Tiedemann is eager to get down and play the state tournament course, Ridges at Sand Creek in Jordan, Minn. as soon as possible.
    "Ally's brother, Bobby, competes at state tennis Thursday and Friday," Perreault noted. "She asked her parents, 'can you just drop me off in Jordan?' She wants to play it tomorrow. Ally will go down there and learn a lot. She believes in her game and she is confident on the golf course."
    Heppner has state golf experience and has the ability to go really low.
    "Brady had an up and down year," coach Kofoed said. "He didn't hit a fairway Tuesday until his 16th hole and that was because he hit a tree on a snap hook. It's just the way he plays. At that point he was even par. Brady is not the kind of guy I can pencil him in for a number. He has always been that guy up and down. He was maybe trying to steer things. He put a little weight on himself trying to get the team to state."
    With Heppner a senior, his low scores will be difficult to replace but there is a lot of young competition in the boys' golf program.
    "From last year Isaac grabbed a hold of his position," Kofoed said. "He started out the year with an 88 or 87 and then fell in to a really good rhythm in the middle of May. Last week he was back in that mid-80s stage. Isaac parred the last four or five holes to shoot 78. He played 10 strokes better than last year. After his round we knew he was going to be in the conversation (of making it to state). Going into the playoff, Isaac was the first guy teeing off on 10. He had to punch out after his tee shot and had 225 yards to the green. He hit his rescue club 15 yards further than he expected and had a tough up and down and left it short. It was disappointing at that point, but he got himself in position. He can take away that he had an opportunity to get into a playoff. Isaac has come a long way.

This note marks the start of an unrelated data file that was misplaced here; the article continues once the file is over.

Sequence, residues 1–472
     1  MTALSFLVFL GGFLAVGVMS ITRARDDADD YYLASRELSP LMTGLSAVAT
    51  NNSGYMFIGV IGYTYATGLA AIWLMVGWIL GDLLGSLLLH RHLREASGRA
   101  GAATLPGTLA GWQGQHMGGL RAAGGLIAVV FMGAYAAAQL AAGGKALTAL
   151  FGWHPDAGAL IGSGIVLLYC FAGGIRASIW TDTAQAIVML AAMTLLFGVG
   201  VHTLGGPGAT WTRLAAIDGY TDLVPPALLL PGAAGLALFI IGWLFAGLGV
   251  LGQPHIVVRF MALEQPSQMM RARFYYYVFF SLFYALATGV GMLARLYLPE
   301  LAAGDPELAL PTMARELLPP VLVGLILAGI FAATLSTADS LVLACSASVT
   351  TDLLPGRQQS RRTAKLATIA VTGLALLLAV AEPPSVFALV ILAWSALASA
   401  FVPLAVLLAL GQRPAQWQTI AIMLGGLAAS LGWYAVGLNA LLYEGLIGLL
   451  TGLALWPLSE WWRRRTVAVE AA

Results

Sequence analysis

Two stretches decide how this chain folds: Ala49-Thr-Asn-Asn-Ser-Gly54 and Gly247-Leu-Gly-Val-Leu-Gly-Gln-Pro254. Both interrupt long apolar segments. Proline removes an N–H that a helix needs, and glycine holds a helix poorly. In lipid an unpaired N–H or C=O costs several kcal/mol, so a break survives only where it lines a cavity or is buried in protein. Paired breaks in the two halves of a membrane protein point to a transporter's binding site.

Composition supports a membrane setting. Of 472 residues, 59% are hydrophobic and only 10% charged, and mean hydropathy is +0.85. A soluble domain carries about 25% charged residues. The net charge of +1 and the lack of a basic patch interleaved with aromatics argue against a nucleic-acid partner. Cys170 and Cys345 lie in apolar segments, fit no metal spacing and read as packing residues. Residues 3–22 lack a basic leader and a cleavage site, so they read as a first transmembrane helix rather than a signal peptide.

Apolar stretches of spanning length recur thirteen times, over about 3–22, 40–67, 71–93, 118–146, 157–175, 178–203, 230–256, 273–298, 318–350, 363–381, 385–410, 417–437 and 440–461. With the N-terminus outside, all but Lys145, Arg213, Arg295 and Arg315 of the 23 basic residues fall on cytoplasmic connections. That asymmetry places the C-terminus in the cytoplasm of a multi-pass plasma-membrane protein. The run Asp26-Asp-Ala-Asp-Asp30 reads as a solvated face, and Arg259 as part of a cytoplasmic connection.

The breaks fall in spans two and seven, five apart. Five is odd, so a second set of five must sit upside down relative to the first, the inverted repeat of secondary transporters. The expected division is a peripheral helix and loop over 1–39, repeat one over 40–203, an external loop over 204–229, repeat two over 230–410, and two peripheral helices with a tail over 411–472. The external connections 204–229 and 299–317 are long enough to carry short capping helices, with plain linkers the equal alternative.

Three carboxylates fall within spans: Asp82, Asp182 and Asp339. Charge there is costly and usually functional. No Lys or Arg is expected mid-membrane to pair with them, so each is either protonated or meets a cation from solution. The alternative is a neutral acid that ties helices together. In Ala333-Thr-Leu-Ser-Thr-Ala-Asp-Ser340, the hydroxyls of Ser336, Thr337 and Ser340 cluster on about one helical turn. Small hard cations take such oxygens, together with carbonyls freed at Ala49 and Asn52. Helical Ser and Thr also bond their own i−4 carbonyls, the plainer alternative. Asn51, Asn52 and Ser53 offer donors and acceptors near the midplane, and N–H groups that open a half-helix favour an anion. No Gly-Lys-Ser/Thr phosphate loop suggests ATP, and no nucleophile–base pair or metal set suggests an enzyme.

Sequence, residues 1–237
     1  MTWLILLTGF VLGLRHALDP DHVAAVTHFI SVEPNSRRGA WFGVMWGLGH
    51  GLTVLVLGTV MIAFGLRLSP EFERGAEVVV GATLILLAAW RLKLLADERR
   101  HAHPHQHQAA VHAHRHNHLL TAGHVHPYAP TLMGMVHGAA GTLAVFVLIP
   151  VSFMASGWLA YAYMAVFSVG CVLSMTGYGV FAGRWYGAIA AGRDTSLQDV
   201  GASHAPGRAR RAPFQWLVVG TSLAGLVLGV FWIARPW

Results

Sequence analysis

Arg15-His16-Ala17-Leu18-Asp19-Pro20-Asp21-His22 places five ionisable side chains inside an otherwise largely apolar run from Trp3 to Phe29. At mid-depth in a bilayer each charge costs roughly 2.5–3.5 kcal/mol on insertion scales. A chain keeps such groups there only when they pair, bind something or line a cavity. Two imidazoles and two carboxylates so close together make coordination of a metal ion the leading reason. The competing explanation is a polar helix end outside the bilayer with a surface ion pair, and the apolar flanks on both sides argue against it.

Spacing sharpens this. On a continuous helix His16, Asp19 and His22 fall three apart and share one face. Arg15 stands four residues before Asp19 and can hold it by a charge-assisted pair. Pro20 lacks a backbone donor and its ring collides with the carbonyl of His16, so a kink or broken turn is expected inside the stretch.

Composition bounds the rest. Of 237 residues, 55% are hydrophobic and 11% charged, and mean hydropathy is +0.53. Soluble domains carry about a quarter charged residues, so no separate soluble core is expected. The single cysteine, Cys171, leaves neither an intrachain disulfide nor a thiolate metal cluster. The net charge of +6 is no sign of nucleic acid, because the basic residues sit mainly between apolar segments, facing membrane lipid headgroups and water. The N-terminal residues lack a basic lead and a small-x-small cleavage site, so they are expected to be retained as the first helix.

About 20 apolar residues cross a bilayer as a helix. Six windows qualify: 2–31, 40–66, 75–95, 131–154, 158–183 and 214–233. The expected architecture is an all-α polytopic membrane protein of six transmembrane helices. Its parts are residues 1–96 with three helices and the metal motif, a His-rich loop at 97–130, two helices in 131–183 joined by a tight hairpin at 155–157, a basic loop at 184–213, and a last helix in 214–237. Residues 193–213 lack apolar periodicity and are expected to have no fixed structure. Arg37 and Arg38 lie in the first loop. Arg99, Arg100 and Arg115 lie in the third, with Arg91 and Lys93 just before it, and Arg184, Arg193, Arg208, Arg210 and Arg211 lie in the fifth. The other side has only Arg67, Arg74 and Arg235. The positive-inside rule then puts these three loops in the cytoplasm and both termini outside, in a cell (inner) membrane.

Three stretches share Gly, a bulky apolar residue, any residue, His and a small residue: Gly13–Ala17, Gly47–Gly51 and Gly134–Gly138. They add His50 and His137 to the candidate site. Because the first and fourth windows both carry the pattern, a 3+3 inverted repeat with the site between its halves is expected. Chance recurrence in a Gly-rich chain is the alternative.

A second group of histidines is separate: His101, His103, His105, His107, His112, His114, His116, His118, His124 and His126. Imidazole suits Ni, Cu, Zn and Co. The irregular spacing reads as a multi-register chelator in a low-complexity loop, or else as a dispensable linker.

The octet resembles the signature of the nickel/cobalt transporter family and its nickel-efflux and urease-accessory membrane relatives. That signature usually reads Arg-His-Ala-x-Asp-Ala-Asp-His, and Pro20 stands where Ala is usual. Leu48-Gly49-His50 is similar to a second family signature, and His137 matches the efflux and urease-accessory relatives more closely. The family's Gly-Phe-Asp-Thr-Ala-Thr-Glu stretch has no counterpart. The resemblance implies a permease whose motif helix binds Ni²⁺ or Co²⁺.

"Doug had a 41 on his front nine and put himself in a hole," Kofoed said. "He had a four-putt before the rain delay. Doug hasn't quite figured out how to putt on Long Bow. He has to figure out ways to get up and down. When he does do that he'll be in position to shoot those 75ish scores.
    Page 3 of 3 - "Charles was very steady for me this year," Kofoed continued. "He was the Westlake of last year. I can most likely expect out of Charles something in the low 80s. Sometimes there were spots where he was almost medalist. Charles shot a one over on the front nine and a 40 on the back nine. It was his first section tournament so you can't be mad about the way he played and grinded out a round. He could improve by five or six strokes with his short game and putting. He could be a guy with a 75 a handful of times next year."
    For Parker and Brandon it was both had great experiences.
    "For both of them it was the first time playing varsity for a majority of the year," Kofoed said. "Both Brandon and Parker had tougher starts to their rounds. You have to make mistakes to learn. They both tried to the best of their abilities. I hope Parker can learn from it. Brandon had a fun time playing golf courses he might not otherwise get to play."
    For both Kofoed and Perreault the recipe for success is the same, getting out and playing this summer will determine what the Pirate teams do next season.
    "I was very proud with the way we improved this season," Kofoed said. "The summer is the key for them. The sky is the limit for us the next few years."
    Perreault said the same: "I was really proud of the girls this season in an abbreviated season and not getting to as many meets as we wanted. The girls worked hard and showed the dedication it took to be competitive at the end of the year. But the season just started. They need to get out this summer and make themselves better."
    ___
    Follow Derek Martin on Twitter: Twitter.com/DerekDMartin